Muslims Contribution To Science
- From: "I bear witness that there is no deity worthy to be worshipped but Allah and I bear witness that Muhammad is His servant and messenger." <muslim.with.mission@xxxxxxxxx>
- Date: Fri, 14 Oct 2011 11:22:45 -0700 (PDT)
Muslims Contribution To Science
Lost of Christians left christianity & the reason was clearly : It
contradicts science ! What about Muslims ? Here you can read a breif
information about Muslims & Science in the past ..
Muslims have always had a special interest in astronomy. The moon and
the sun are of vital importance in the daily life of every Muslim. By
the moon, Muslims determine the beginning and the end of the months in
their lunar calendar. By the sun the Muslims calculate the times for
prayer and fasting. It is also by means of astronomy that Muslims can
determine the precise direction of the Qiblah, to face the Ka'bah in
Makkah, during prayer. The most precise solar calendar, superior to
the Julian, is the Jilali, devised under the supervision of Umar
Khayyam. The Qur'an contains many references to astronomy.
"The heavens and the earth were ordered rightly, and were made
subservient to man, including the sun, the moon, the stars, and day
and night. Every heavenly body moves in an orbit assigned to it by God
and never digresses, making the universe an orderly cosmos whose life
and existence, diminution and expansion, are totally determined by the
Creator." [Qur'an 30:22]
These references, and the injunctions to learn, inspired the early
Muslim scholars to study the heavens. They integrated the earlier
works of the Indians, Persians and Greeks into a new synthesis.
Ptolemy's Almagest (the title as we know it is Arabic) was translated,
studied and criticized. Many new stars were discovered, as we see in
their Arabic names - Algol, Deneb, Betelgeuse, Rigel, Aldebaran.
Astronomical tables were compiled, among them the Toledan tables,
which were used by Copernicus, Tycho Brahe and Kepler. Also compiled
were almanacs - another Arabic term. Other terms from Arabic are
zenith, nadir, albedo, azimuth.
Muslim astronomers were the first to establish observatories, like the
one built at Mugharah by Hulagu, the son of Genghis Khan, in Persia,
and they invented instruments such as the quadrant and astrolabe,
which led to advances not only in astronomy but in oceanic navigation,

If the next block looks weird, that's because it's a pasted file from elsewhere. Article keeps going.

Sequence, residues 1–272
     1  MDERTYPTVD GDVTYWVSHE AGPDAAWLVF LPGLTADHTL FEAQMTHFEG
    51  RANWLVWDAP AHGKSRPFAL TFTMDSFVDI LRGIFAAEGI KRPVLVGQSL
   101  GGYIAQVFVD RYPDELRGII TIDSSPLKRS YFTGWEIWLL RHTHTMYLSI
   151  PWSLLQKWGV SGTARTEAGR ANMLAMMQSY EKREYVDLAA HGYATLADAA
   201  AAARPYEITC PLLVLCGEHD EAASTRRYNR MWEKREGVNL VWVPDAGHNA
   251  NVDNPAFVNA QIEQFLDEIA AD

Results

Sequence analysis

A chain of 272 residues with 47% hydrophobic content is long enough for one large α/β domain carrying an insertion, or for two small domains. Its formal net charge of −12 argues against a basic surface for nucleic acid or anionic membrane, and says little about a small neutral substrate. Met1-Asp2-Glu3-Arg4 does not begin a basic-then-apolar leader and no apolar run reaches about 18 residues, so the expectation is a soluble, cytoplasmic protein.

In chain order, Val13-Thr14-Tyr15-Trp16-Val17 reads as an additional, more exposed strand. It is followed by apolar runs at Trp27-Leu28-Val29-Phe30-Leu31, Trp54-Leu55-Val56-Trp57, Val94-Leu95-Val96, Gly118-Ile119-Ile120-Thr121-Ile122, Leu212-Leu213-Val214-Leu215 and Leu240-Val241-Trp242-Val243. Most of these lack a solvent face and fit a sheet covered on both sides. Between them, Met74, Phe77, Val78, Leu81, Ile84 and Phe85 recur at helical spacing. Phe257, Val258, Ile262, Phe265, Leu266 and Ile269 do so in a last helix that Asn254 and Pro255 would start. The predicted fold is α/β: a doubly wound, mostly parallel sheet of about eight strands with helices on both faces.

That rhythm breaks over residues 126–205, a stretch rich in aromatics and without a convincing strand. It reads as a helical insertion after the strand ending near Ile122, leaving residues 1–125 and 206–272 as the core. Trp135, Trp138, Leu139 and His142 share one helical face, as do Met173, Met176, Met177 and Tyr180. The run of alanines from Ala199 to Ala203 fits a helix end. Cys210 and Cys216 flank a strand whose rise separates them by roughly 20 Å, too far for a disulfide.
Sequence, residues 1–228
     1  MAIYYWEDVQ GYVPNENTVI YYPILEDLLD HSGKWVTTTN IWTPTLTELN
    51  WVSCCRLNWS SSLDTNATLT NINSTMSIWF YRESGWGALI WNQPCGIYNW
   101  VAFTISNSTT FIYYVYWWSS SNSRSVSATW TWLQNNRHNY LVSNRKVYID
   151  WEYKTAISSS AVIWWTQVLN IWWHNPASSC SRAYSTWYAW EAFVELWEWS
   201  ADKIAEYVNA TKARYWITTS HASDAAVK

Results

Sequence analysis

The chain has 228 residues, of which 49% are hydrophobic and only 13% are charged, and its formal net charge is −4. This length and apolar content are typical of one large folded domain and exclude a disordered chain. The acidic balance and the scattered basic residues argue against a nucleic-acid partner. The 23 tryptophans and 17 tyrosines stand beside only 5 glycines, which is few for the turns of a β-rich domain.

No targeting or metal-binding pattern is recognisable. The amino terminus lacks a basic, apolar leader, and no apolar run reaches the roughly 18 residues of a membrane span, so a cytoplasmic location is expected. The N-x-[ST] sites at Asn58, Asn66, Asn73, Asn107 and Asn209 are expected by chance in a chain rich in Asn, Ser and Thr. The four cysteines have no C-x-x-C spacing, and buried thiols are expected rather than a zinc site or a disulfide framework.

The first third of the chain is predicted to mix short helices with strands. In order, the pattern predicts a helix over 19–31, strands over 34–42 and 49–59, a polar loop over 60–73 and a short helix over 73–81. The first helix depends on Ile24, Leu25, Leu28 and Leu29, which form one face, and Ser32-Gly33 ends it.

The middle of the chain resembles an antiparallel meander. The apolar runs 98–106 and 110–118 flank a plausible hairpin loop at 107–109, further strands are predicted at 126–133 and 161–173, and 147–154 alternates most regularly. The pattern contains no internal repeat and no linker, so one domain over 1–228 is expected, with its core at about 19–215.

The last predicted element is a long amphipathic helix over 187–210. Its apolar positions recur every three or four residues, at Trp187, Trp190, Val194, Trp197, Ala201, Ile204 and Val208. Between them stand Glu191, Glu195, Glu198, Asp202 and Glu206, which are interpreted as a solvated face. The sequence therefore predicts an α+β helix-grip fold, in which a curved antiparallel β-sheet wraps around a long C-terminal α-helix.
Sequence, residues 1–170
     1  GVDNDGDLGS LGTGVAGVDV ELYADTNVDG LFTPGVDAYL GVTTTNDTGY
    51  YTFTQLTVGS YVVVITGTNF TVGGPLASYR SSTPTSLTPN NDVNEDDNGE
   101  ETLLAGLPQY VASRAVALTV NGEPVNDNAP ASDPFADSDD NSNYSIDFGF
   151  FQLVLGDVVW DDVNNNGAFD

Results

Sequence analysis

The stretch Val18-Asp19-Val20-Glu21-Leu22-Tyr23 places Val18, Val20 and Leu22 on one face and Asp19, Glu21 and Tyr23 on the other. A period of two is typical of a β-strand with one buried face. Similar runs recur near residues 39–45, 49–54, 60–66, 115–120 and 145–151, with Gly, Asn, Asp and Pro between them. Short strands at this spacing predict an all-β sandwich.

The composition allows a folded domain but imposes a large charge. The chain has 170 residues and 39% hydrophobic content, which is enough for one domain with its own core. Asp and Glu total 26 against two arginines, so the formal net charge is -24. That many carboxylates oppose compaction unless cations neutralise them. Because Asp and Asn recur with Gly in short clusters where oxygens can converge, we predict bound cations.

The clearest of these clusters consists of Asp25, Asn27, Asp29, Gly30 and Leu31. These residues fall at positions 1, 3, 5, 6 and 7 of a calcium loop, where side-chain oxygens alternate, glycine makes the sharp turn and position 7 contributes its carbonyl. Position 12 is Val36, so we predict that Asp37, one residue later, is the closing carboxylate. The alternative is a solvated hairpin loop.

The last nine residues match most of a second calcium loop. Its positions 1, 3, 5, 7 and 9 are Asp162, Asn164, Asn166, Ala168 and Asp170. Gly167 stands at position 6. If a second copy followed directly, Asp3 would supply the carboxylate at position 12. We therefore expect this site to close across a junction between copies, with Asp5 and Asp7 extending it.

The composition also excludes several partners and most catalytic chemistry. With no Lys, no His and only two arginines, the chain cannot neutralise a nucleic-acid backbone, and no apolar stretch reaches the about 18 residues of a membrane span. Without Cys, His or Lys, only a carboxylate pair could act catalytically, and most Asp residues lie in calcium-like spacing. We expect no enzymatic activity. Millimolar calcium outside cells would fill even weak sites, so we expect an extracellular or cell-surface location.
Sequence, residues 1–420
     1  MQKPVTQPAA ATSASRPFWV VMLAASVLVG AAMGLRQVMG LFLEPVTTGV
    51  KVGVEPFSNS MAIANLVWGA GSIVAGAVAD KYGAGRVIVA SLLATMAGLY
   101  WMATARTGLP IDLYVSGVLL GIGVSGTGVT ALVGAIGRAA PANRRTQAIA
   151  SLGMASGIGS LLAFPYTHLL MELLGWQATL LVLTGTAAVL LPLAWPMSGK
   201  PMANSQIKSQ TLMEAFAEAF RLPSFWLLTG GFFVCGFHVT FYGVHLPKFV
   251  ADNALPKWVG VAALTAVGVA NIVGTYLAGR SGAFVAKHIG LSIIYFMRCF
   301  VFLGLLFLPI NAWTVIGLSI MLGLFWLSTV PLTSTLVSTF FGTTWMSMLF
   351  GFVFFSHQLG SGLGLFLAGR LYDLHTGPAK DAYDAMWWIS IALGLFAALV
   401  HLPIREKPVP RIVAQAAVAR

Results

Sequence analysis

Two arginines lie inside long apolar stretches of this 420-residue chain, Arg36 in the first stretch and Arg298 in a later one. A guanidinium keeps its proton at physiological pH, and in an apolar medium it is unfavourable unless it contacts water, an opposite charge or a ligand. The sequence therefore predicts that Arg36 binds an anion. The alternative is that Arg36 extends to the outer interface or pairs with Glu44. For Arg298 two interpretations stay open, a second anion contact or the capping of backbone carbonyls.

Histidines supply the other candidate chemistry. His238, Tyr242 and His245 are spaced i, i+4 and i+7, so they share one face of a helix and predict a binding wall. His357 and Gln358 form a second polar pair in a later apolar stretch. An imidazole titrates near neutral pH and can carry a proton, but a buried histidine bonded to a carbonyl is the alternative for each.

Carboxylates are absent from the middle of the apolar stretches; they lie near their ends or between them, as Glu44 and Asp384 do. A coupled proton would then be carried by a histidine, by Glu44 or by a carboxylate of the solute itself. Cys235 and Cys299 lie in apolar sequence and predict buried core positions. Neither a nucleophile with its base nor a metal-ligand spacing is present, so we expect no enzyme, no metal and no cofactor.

contributing to the European age of exploration.
Muslim scholars paid great attention to geography. In fact, the
Muslims' great concern for geography originated with their religion.
The Qur'an encourages people to travel throughout the earth to see
God's signs and patterns everywhere. Islam also requires each Muslim
to have at least enough knowledge of geography to know the direction
of the Qiblah (the position of the Ka'bah in Makkah) in order to pray
five times a day. Muslims were also used to taking long journeys to
conduct trade as well as to make the Hajj and spread their religion.
The far-flung Islamic empire enabled scholar-explorers to compile
large amounts of geographical and climatic information from the
Atlantic to the Pacific.
Among the most famous names in the field of geography, even in the
West, are Ibn Khaldun and Ibn Batuta, renowned for their written
accounts of their extensive explorations. In 1166, Al-Idrisi, the well-
known Muslim scholar who served the Sicilian court, produced very
accurate maps, including a world map with all the continents and their
mountains, rivers and famous cities. Al-Muqdishi was the first
geographer to produce accurate maps in color. It was, moreover, with
the help of Muslim navigators and their inventions that Magellan was
able to traverse the Cape of Good Hope, and Da Gama and Columbus had
Muslim navigators on board their ships.
Seeking knowledge is obligatory in Islam for every Muslim, man and
woman. The main sources of Islam, the Qur'an and the Sunnah (Prophet
Muhammad's traditions), encourage Muslims to seek knowledge and be
scholars, since this is the best way for people to know Allah (God),
to appreciate His wondrous creations and be thankful for them. Muslims
were therefore eager to seek knowledge, both religious and secular,
and within a few years of Muhammad's mission, a great civilization
sprang up and flourished. The outcome is shown in the spread of
Islamic universities; Al-Zaytunah in Tunis, and Al-Azhar in Cairo go
back more than 1,000 years and are the oldest existing universities in
the world. Indeed, they were the models for the first European
universities, such as Bologna, Heidelberg, and the Sorbonne. Even the
familiar academic cap and gown originated at Al-Azhar University.
Muslims made great advances in many different fields, such as
geography, physics, chemistry, mathematics, medicine, pharmacology,
architecture, linguistics and astronomy. Algebra and the Arabic
numerals were introduced to the world by Muslim scholars. The
astrolabe, the quadrant, and other navigational devices and maps were
developed by Muslim scholars and played an important role in world
progress, most notably in Europe's age of exploration.
Muslim scholars studied the ancient civilations from Greece and Rome
to China and India. The works of Aristotle, Ptolemy, Euclid and others
were translated into Arabic. Muslim scholars and scientists then added
their own creative ideas, discoveries and inventions, and finally
transmitted this new knowledge to Europe, leading directly to the
Renaissance. Many scientific and medical treatises, having been